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Pumpkin "Mac & Cheese"

Perfect for any fall lunch or dinner...even better as a Thanksgiving side!


Classic macaroni & cheese gets a fall makeover with the addition of both pumpkin-shaped pasta and pumpkin puree. Any short pasta will work well such as penne rigate, cavatappi, fusilli, macaroni, or rigatoni. Homemade pumpkin puree made from a fresh, roasted pumpkin is ideal, but your favorite brand of pumpkin puree will work just as well. Fresh Pumpkin Challah breadcrumbs top the dish for added flavor, texture, and color, but any fresh breadcrumb would be stellar, such as regular challah, brioche, sourdough, soft pretzel, or sandwich bread. No need to butter those breadcrumbs, as the creamy and cheesy sauce will do its magic!

Equipment: small saucepan; large saucepan or stockpot; colander or strainer; dry and wet measuring cups; measuring spoons; box grater; wooden spoon; casserole or baking pan


14-16 ounces uncooked pumpkin shaped pasta

3 tablespoons unsalted butter

3 tablespoons all-purpose flour

1 tablespoon Dijon mustard

1 tablespoon Worcestershire sauce

3 cups whole milk 1 teaspoon kosher salt

½ teaspoon ground white pepper

¼ teaspoon nutmeg

1 cup pumpkin puree

2 cups shredded Gruyere cheese

2 cups shredded sharp Cheddar cheese

½ cup fresh breadcrumbs

1. Preheat the oven to 350°F.

2. Cook noodles to al dente, but not more, and drain. Rinse with cold water to prevent them from sticking together.

ILOC tip: cook the pasta to al dente for this dish. When making mac & cheese, the noodles eventually get coated in a creamy cheese sauce and then baked. That process further cooks the pasta. Undercooking the pasta a touch in the prep means that the pasta will not be soggy and overdone in the baking dish. Plus, it saves you time ... a win!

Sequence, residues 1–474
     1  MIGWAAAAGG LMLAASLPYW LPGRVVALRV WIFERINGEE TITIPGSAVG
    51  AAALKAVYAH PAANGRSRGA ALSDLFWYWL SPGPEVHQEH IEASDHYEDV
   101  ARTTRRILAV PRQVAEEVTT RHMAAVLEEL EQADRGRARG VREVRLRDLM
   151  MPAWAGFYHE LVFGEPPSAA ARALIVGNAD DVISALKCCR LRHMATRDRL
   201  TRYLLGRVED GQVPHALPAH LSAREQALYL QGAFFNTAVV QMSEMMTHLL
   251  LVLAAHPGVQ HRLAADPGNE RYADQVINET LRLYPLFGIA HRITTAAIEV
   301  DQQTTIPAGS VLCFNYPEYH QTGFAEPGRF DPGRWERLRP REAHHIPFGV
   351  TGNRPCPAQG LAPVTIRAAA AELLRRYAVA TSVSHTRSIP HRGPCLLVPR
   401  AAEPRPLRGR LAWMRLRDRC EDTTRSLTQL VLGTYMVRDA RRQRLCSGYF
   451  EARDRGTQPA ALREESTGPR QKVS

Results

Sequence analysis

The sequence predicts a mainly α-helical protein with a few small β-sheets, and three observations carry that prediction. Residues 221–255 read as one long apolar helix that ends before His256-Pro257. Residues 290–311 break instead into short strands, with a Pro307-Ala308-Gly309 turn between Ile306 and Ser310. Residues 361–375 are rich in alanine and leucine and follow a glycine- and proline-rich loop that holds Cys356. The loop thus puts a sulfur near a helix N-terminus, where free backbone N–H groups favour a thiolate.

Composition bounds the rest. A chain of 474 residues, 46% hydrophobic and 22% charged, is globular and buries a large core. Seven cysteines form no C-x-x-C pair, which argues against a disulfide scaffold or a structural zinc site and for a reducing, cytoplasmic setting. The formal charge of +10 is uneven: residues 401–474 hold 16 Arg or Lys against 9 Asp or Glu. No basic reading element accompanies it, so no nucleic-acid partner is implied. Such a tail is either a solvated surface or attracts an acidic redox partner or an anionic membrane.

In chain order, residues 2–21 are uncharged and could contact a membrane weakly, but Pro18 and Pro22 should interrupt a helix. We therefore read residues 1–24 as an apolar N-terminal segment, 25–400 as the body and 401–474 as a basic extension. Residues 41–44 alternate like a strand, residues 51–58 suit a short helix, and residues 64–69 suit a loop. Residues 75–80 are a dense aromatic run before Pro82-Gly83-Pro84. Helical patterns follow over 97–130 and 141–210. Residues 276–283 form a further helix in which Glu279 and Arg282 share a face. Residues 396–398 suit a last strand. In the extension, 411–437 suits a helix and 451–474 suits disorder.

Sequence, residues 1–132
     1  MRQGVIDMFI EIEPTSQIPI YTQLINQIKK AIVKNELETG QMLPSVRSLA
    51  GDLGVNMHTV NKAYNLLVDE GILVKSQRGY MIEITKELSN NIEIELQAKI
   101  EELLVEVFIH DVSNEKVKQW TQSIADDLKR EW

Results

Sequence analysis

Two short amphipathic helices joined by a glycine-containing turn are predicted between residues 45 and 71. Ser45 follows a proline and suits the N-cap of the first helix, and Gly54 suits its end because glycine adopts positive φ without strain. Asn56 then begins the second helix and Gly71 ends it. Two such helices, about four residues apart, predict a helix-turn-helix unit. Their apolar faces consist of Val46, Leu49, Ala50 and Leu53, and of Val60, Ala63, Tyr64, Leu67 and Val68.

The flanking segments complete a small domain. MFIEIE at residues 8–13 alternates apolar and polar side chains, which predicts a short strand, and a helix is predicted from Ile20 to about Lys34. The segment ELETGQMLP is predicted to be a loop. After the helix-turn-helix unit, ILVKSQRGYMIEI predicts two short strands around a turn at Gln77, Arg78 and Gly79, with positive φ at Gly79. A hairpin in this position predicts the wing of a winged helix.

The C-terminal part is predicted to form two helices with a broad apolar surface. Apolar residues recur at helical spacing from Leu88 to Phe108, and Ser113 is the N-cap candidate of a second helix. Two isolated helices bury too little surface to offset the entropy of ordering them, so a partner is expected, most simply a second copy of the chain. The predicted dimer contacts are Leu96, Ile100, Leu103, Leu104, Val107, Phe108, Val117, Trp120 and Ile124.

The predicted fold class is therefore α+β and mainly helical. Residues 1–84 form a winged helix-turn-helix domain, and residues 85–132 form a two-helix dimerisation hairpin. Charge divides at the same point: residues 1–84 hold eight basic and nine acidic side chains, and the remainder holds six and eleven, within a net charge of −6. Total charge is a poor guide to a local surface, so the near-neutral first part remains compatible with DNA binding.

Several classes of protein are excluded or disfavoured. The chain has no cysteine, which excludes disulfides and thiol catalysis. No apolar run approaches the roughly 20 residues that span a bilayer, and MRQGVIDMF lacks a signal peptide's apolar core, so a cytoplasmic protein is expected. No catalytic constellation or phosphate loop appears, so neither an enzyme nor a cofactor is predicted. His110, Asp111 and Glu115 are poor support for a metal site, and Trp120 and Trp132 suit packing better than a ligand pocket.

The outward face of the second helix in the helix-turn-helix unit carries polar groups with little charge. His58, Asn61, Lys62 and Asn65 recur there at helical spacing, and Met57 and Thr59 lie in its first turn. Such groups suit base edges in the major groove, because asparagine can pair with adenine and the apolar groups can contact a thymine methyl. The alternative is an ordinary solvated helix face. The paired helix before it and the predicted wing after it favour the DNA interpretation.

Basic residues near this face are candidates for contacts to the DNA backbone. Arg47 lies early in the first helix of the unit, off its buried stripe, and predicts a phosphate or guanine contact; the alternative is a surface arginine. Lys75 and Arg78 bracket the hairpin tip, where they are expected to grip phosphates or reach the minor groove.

3. Warm the milk in a small saucepan and set aside.

ILOC tip: use whole milk and be sure to warm it before you make the roux. Why?  What’s the difference?  A smooth and evenly thick sauce versus a gritty and lumpy mess. Adding whole milk, which has the right amount of fat to facilitate the thickening of the sauce with the roux, directly from the fridge to the pan will yield the latter. We generally do not add cold liquids to hot pans in the cooking process. It's all about technique, not torture.

4. Next, make the roux (cooked butter and flour). Melt the butter in a large saucepan or stockpot over low heat. Stir in the flour, mustard, and Worcestershire. Cook over low heat, stirring constantly, until the mixture is smooth and bubbling, at least one minute.

5. Remove the pan from the heat for a moment and slowly stir or whisk in the warmed milk. Return to medium heat and bring the mixture to a gentle boil, stirring constantly to create a smooth, lump-free sauce. Reduce the heat to a simmer, add the salt/pepper/nutmeg, and continue to stir the mixture until thickened to the point of coating the back of a spoon. Remove from the heat.

6. Stir in 2 cups of each cheese until melted and well incorporated, then mix in the pumpkin puree.

7. Gently stir the drained pasta into the cheese sauce. Pour into a casserole dish. Sprinkle evenly with the fresh breadcrumbs.

8. Bake uncovered for 25 to 30 minutes, or until bubbly and lightly browned.

Makes 8 servings.

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